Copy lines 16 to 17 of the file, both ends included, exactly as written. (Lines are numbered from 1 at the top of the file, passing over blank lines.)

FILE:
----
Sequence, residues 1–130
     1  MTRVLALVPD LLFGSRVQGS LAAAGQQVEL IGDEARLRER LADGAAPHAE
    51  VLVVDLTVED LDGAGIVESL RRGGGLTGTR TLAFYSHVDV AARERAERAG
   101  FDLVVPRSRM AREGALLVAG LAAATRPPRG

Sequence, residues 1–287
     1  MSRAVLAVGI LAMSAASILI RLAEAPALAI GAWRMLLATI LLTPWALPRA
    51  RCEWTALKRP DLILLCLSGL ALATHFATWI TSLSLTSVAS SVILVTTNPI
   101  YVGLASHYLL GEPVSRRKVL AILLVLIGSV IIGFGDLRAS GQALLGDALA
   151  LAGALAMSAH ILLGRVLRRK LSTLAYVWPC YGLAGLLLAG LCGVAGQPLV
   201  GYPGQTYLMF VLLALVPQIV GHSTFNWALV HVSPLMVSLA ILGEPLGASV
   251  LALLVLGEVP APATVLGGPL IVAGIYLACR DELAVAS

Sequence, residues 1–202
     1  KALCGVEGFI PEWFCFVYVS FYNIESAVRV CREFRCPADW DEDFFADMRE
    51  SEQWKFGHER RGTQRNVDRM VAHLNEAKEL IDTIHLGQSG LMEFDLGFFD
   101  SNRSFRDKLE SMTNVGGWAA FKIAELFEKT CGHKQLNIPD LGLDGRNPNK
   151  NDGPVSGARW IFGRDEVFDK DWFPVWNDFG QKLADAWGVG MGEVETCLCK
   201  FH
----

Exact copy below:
   151  NDGPVSGARW IFGRDEVFDK DWFPVWNDFG QKLADAWGVG MGEVETCLCK
   201  FH